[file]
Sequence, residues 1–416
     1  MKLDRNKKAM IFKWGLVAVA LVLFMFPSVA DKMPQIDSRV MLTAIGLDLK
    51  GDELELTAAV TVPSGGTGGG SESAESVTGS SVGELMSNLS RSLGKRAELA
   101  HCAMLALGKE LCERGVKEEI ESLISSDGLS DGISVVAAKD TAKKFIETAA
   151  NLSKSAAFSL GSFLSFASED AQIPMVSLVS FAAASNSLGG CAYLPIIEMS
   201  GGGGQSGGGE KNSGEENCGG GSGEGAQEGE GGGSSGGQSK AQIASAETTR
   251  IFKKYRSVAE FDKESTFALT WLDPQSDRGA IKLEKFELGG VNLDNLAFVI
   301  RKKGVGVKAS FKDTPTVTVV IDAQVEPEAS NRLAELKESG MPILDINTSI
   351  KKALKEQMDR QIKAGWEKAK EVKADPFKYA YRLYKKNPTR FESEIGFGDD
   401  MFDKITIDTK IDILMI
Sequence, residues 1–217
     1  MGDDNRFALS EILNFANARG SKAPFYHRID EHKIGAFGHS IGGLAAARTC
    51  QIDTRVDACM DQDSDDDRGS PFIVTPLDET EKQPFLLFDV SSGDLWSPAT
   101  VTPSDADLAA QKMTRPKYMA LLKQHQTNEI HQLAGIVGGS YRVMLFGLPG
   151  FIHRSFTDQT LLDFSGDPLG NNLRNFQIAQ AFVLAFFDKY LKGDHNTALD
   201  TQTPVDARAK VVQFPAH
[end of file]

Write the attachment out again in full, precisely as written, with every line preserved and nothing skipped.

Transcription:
Sequence, residues 1–416
     1  MKLDRNKKAM IFKWGLVAVA LVLFMFPSVA DKMPQIDSRV MLTAIGLDLK
    51  GDELELTAAV TVPSGGTGGG SESAESVTGS SVGELMSNLS RSLGKRAELA
   101  HCAMLALGKE LCERGVKEEI ESLISSDGLS DGISVVAAKD TAKKFIETAA
   151  NLSKSAAFSL GSFLSFASED AQIPMVSLVS FAAASNSLGG CAYLPIIEMS
   201  GGGGQSGGGE KNSGEENCGG GSGEGAQEGE GGGSSGGQSK AQIASAETTR
   251  IFKKYRSVAE FDKESTFALT WLDPQSDRGA IKLEKFELGG VNLDNLAFVI
   301  RKKGVGVKAS FKDTPTVTVV IDAQVEPEAS NRLAELKESG MPILDINTSI
   351  KKALKEQMDR QIKAGWEKAK EVKADPFKYA YRLYKKNPTR FESEIGFGDD
   401  MFDKITIDTK IDILMI
Sequence, residues 1–217
     1  MGDDNRFALS EILNFANARG SKAPFYHRID EHKIGAFGHS IGGLAAARTC
    51  QIDTRVDACM DQDSDDDRGS PFIVTPLDET EKQPFLLFDV SSGDLWSPAT
   101  VTPSDADLAA QKMTRPKYMA LLKQHQTNEI HQLAGIVGGS YRVMLFGLPG
   151  FIHRSFTDQT LLDFSGDPLG NNLRNFQIAQ AFVLAFFDKY LKGDHNTALD
   201  TQTPVDARAK VVQFPAH